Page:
Best foot forward: Edward Green

Edward Green was founded in Northampton more than a century ago, and still adheres to the same high standards of quality and craftsmanship today

Style 16 Dec 2019

Dover textured-leather Derby Shoes
An archive picture from the 20th century.
Edward Green's Cranleigh boots

Shoes are so much more than practical accessories. They provide support literally and symbolically. They are an indulgent reward for a personal or professional achievement, and, like a child’s first pair of squeaky-clean school shoes, they mark significant moments in our lives.

Whether it’s your first or 15th, buying a pair of Edward Green shoes is a special experience. Edward Green shoes are the kind of purchase in which you invest as an old friend: one that never lets you down or goes out of style. They were the footwear of choice for Cole Porter and Ernest Hemingway, and today you’ll find them on the fashionable feet of Michael Fassbender and David Gandy. Classic styles using luxurious full-grain leather, Goodyearwelted soles and hand-cut patterns are all executed to the highest possible standards.

Edward Green was founded in 1890 on the premise of achieving ‘excellence without compromise’. Young Edward, a talented shoemaker, was introduced to the industry aged just 12 when he worked as a shoe ‘clicker’ – a job that involves cutting the leather used to make shoes and so-called because of the sound the knife makes against the clicker’s bench. Even as a lowly apprentice, Mr Green knew this was the industry for him, and he could see the way it was changing with the advent of mass production. He had a very different mindset to the modernisation of production, wanting instead to go back to basics to make the highest quality shoes possible.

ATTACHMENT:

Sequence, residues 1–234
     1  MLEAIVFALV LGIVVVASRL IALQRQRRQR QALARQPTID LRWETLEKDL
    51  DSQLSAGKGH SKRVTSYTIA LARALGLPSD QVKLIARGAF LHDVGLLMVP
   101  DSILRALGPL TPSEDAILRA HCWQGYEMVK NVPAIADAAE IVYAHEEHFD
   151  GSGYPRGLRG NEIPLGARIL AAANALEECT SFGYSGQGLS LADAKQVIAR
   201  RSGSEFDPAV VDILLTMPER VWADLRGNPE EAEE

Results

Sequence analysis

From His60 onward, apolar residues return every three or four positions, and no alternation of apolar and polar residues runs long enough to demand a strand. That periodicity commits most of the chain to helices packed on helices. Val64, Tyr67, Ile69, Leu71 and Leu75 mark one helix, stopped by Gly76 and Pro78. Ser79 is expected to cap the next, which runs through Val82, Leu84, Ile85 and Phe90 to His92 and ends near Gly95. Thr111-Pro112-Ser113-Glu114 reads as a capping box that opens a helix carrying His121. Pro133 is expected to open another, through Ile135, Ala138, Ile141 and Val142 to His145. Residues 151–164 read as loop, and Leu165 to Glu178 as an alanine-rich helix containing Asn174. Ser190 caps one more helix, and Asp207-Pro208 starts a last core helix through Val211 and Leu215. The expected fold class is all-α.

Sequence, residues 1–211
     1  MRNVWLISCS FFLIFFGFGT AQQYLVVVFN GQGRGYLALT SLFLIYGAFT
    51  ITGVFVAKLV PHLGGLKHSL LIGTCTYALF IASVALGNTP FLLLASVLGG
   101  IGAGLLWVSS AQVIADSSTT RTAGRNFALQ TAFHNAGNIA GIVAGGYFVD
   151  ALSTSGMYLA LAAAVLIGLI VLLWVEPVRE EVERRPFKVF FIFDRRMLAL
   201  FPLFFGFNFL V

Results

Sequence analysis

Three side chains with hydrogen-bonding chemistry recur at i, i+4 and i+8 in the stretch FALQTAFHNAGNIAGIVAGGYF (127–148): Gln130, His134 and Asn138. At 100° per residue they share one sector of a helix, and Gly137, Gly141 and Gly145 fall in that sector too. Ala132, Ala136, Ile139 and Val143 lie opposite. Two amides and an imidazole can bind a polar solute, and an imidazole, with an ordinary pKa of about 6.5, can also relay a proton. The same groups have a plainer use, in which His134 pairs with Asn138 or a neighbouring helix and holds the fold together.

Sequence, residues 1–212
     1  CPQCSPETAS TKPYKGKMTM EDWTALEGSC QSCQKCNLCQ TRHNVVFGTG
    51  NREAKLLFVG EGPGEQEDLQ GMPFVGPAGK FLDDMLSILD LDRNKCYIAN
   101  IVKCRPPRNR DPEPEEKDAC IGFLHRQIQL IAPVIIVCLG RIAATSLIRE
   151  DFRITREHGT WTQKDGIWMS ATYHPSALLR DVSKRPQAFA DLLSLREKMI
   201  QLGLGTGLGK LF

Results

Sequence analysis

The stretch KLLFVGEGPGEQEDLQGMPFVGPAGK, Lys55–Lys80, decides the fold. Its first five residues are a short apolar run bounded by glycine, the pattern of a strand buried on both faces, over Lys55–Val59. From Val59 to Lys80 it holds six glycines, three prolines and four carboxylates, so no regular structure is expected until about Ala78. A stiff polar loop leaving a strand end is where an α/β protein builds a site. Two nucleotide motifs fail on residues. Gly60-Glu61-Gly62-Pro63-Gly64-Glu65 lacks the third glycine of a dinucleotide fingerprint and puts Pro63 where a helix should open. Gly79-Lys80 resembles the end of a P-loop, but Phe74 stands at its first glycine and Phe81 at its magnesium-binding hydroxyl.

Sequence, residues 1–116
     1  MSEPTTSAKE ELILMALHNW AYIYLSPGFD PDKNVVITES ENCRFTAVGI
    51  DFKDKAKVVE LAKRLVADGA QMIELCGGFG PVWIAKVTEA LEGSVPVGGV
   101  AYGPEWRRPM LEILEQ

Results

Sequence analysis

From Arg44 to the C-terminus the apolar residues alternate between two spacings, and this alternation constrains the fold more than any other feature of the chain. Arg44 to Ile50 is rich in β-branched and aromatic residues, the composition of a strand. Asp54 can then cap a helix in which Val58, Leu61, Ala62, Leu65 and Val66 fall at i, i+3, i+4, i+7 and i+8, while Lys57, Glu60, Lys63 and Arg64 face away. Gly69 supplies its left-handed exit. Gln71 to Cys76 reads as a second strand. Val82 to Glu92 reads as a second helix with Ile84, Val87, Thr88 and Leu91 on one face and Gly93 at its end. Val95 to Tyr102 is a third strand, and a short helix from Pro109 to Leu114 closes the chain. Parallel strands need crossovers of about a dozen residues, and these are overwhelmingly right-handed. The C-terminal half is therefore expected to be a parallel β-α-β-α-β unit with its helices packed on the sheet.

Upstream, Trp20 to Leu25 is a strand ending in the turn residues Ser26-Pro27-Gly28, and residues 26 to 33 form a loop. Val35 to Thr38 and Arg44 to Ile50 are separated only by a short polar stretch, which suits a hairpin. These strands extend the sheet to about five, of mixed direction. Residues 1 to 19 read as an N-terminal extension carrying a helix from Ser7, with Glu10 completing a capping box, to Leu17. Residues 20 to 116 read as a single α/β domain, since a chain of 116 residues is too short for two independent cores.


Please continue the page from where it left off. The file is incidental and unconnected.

Mr Green did this by recruiting the best craftsmen for his workshop in Northampton – the home of great British shoemaking. The company is still based in the area today, albeit in more modern and spacious premises, with a new generation of skilled artisans keeping the same painstaking processes alive. You’ll even find a shoe clicker cutting away just as Green did well over a century ago.

Edward Green sticks rigidly to its founding principles of quality without compromise, producing just some 350 pairs a week. Madeto-order shoes can take up to four months from start to finish, reflecting the amount of work involved at every stage.

That isn’t to say that Edward Green is stuck in its ways. From the 1980s onwards the brand expanded internationally and launched standalone boutiques in London, Paris and Tokyo. Worldwide, there is a clear appetite for Edward Green’s traditional, slow-made sensibilities and buying into a slice of a quintessentially British craftsmanship.

A very British sense of style is at the heart of this firm. Luxurious yet never ostentatious, Edward Green is a brand that knows its audience and style inside out. As such, the company never succumbs to trends, but every season brings a little something new to the table.

Autumn-winter 2019 sees significant updates on two signature Edward Green styles. The Piccadilly penny loafer and Dover split-toe derby have been refashioned in a distinctive natural London Grain. The Cranleigh, meanwhile, is a handsome new field boot available in rich autumnal shades. It’s not only men who can take home a piece of Edward Green. This season, the brand has expanded its collection with the introduction of two lasts especially for women – all made with the same refined elegance and quality without compromise.